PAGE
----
If you want to get fancy, you can choose a tulip-shaped glass, which derives from a Spanish sherry tradition. But if you visit a distillery in Scotland, you’re going to get a Glencairn. And if it’s good enough for the best Scottish distilleries, it’s good enough for you!
In a pinch, you can use a tumlber, but you will lose some of the aromas. So, if you’re committing to developing your palate, invest in a Glencairn glass or three. Eventually, you want your sense of taste and smell to work together in unison, and it’s easier to start if you’re not fighting an uphill battle against your glassware.
Look at the Color
Are you ready to try your first dram? Not yet. Your next step is to examine the colours of your samples.
It may seem obvious to suggest that dark colours offer more in-depth, richer flavours and lighter whiskies are immature. But it’s also not true.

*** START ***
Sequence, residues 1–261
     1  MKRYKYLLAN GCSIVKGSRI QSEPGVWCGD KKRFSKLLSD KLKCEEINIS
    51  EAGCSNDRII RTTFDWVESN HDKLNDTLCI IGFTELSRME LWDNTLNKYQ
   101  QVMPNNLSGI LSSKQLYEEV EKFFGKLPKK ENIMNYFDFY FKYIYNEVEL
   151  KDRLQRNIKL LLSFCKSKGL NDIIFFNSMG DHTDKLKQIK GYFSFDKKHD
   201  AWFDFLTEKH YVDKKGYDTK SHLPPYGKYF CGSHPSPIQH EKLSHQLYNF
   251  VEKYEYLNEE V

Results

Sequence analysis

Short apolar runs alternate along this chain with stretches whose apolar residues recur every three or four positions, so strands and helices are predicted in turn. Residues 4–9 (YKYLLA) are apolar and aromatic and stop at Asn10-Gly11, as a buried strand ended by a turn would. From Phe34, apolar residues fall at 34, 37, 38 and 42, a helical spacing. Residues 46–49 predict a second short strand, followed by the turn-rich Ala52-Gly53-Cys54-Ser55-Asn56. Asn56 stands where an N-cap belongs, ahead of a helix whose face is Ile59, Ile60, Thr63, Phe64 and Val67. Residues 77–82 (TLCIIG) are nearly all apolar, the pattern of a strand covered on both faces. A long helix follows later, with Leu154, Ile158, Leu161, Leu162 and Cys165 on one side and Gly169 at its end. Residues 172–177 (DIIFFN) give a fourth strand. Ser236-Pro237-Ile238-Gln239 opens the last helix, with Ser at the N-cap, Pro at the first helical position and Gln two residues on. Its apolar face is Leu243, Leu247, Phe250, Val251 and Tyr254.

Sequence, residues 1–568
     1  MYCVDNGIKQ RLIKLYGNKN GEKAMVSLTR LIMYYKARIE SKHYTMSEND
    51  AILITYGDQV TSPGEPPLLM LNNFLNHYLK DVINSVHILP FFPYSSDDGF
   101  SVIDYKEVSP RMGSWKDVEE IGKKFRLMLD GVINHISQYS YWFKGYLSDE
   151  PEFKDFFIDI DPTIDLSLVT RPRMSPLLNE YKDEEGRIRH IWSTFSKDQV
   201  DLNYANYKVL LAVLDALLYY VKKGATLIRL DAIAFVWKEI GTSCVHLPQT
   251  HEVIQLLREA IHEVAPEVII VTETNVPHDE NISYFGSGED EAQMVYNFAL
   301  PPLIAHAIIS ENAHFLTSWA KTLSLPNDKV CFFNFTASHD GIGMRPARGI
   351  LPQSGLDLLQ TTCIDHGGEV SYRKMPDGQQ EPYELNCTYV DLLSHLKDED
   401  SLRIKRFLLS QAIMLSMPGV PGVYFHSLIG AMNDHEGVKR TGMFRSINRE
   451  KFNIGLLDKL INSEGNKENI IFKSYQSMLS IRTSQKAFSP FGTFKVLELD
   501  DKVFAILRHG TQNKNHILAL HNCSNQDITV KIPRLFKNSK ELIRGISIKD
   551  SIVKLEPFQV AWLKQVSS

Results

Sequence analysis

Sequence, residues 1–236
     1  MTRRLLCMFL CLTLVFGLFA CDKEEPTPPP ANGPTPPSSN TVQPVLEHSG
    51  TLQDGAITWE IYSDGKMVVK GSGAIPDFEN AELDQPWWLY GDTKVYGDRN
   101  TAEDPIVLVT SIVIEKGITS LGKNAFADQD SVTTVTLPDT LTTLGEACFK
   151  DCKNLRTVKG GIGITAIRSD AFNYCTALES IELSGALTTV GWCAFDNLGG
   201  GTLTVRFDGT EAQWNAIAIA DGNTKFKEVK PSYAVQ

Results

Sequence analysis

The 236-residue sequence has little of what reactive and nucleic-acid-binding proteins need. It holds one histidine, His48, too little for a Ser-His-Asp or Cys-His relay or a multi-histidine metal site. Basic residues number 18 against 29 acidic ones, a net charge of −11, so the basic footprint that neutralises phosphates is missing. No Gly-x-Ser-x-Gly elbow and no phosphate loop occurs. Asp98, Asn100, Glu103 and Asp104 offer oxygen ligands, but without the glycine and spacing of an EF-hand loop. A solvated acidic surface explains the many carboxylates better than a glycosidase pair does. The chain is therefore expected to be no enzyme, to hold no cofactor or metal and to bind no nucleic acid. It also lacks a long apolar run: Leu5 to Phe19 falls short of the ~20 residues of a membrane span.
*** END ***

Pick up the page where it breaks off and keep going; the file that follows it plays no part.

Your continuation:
When whisky comes out of the still, it’s the colour of the spring water used to make it. The colour of the final product after maturation depends on a lot of factors:
- Barrel type
- Barrel use
- Artificial colours
If you’re drinking Scotch whisky or Irish whiskey, you’ll likely see a yellowish colour from the European oak casks. However, most European whiskey uses cases previously used to make sherry, brandy, port, or bourbon. You’ll even find a red wine cask. These also change the colour.
For example, a ported whisky, like the Tomintoul 15-Year-Old, is almost pink in some lights thanks to the port barrel.
Colours tend to wane when the casks are re-used. The first time a distiller uses a sherry barrel, the spirit reflects more of the colour. Once re-used, the wood becomes less active, so the mark it leaves is less apparent.
Some distillers use E150a to influence the colour of the whisky and even stabilise or create a signature colour. It’s often referred to as caramel colouring, but it doesn’t impart any flavours. Some purists say it does, but at the early stages of your whisky journey, you’re unlucky to have an opinion.